The gun that Williams was holding was later determined to be unloaded.
City officials had previously said Mader, a probationary officer, was let go eight weeks after the shooting for conduct unbecoming of an officer in three separate incidents, not just for refusing to shoot Williams.
But the lawsuit, which seeks unspecified damages, contends Mader was fired specifically for the Williams incident.
“To tell a police officer — when in doubt — either shoot to kill, or get fired, is a choice that no police officer should ever have to make and is a message that is wrong and should never be sent,” Mader’s lead attorney, Tim O’Brien of Pittsburgh, said in a statement.
In the statement, Mader said he believes he was fired for trying to uphold his oath to protect and serve.
“Even still, I would have done the same thing,” he said.
The lawsuit cites the state constitution, which prohibits a police officer from using deadly force unless the officer has reason to believe the target of such force poses an immediate threat of death or serious bodily injury to the officer or others.
According to the lawsuit, Mader responded to a call from Williams’ girlfriend that he was threatening to hurt himself with a knife. Mader said his Marine Corps and police officer training taught him to assess a threat level. He said Williams was visibly upset but not aggressive or violent.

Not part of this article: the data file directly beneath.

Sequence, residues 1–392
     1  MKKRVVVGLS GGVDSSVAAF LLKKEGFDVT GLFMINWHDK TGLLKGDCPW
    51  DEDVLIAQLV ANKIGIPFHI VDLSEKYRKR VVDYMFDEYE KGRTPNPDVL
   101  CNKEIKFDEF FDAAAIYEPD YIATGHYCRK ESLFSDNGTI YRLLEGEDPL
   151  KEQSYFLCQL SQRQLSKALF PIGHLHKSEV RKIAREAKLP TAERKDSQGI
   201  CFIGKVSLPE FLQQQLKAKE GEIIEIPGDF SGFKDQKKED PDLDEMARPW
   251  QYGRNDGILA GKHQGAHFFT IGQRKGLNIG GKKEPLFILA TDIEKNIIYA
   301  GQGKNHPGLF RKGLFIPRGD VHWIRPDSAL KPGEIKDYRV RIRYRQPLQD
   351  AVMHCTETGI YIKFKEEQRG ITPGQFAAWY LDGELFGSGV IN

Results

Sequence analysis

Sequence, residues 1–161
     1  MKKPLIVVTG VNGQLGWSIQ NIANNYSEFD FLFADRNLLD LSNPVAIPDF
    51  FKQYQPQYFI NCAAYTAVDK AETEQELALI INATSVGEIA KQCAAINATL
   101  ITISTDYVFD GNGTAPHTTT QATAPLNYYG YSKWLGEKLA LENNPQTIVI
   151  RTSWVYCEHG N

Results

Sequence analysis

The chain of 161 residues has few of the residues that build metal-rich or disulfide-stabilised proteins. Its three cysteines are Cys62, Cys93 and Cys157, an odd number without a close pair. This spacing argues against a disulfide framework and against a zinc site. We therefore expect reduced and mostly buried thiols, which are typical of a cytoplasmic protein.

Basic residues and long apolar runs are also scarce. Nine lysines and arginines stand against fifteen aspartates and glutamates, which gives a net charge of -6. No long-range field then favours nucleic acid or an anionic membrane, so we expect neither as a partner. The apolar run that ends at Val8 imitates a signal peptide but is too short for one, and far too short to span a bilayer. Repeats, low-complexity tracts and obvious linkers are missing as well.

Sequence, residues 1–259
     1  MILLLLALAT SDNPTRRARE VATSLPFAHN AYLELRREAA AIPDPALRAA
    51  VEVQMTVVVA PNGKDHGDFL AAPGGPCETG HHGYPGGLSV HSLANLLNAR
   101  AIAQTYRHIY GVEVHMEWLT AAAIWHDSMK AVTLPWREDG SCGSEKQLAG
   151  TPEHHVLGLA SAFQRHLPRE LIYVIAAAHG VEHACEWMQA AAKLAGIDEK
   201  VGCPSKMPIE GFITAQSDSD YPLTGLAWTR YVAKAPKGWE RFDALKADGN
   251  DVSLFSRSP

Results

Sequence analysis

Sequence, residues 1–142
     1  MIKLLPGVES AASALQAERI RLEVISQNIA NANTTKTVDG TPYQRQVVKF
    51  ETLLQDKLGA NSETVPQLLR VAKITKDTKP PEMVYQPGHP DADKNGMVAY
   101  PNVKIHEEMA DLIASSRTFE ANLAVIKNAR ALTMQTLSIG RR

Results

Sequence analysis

Mader believed Williams did not pose a risk of death or serious bodily injury to himself or others. After Mader ordered Williams to drop his unloaded gun, Williams responded, “I can’t do that. Just shoot me,” according to the lawsuit. Mader said he determined Williams wanted to die by “suicide by cop.”
Two other officers arrived at the scene, and when Williams raised his gun, one of the officers fatally shot Williams in the head. The lawsuit identified the officer who shot Williams as Patrolman Ryan Kuzma. The lawsuit didn’t disclose Kuzma’s race.
Investigations found the officer did nothing wrong.
The Associated Press previously obtained Mader’s personnel file through a Freedom of Information Act request. The file included an investigative report by a Weirton police captain who wrote that Williams presented “a clear and present danger” to others, and Mader’s “failure to react left himself and those around him in grave danger.” The report recommended Mader’s firing over several incidents.
In March 2016, Mader was issued a verbal warning for opening a car door to place a parking ticket inside without having a search warrant, leading to the arrest of the car’s owner for disorderly conduct, and cursing at the man’s wife. The charge against the man was dropped.
A month later, Mader responded to a call about a cardiac arrest and found a woman dead on a stairway. Mader determined the victim died of natural causes and that no further investigation was warranted. He didn’t fill out a police report, collected no evidence and the body was sent to a funeral home. Alexander called the handling of the suspicious death “unacceptable,” and an autopsy determined the victim sustained blunt force trauma to the neck and upper torso.
A letter from Alexander recommended 30-day suspensions without pay for Mader and a lieutenant, who was cited for failing to respond to the scene and properly supervise his subordinates. Mader later said his suspension was never carried out.